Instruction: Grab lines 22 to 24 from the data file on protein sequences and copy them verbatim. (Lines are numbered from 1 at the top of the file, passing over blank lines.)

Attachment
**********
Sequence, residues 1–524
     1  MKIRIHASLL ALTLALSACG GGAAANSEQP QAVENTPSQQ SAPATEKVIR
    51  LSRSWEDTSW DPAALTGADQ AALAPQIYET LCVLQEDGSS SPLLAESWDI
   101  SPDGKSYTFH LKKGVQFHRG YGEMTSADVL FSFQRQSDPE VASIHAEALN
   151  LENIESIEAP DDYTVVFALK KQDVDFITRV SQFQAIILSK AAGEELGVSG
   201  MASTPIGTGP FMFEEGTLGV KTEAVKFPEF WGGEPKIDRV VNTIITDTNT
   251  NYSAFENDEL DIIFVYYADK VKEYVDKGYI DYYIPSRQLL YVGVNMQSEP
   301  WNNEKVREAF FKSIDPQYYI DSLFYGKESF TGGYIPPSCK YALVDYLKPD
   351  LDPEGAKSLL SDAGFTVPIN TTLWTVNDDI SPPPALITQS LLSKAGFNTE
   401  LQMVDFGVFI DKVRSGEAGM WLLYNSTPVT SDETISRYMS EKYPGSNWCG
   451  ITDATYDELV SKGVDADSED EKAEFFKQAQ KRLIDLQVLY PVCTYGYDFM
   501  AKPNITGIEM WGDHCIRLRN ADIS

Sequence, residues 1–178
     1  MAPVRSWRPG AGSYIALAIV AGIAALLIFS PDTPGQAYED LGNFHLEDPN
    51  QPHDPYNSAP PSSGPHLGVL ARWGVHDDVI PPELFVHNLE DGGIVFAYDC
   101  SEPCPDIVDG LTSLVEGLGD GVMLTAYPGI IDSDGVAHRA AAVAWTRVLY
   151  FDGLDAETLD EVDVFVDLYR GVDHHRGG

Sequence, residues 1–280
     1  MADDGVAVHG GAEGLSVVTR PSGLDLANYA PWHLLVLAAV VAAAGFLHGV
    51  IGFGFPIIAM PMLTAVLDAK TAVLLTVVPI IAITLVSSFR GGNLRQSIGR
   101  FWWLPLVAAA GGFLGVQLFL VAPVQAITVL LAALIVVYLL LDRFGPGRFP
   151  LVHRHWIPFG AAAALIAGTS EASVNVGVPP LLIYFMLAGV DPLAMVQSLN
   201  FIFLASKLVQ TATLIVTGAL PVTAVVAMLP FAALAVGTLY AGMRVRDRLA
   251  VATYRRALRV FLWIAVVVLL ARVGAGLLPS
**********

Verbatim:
   151  LVHRHWIPFG AAAALIAGTS EASVNVGVPP LLIYFMLAGV DPLAMVQSLN
   201  FIFLASKLVQ TATLIVTGAL PVTAVVAMLP FAALAVGTLY AGMRVRDRLA
   251  VATYRRALRV FLWIAVVVLL ARVGAGLLPS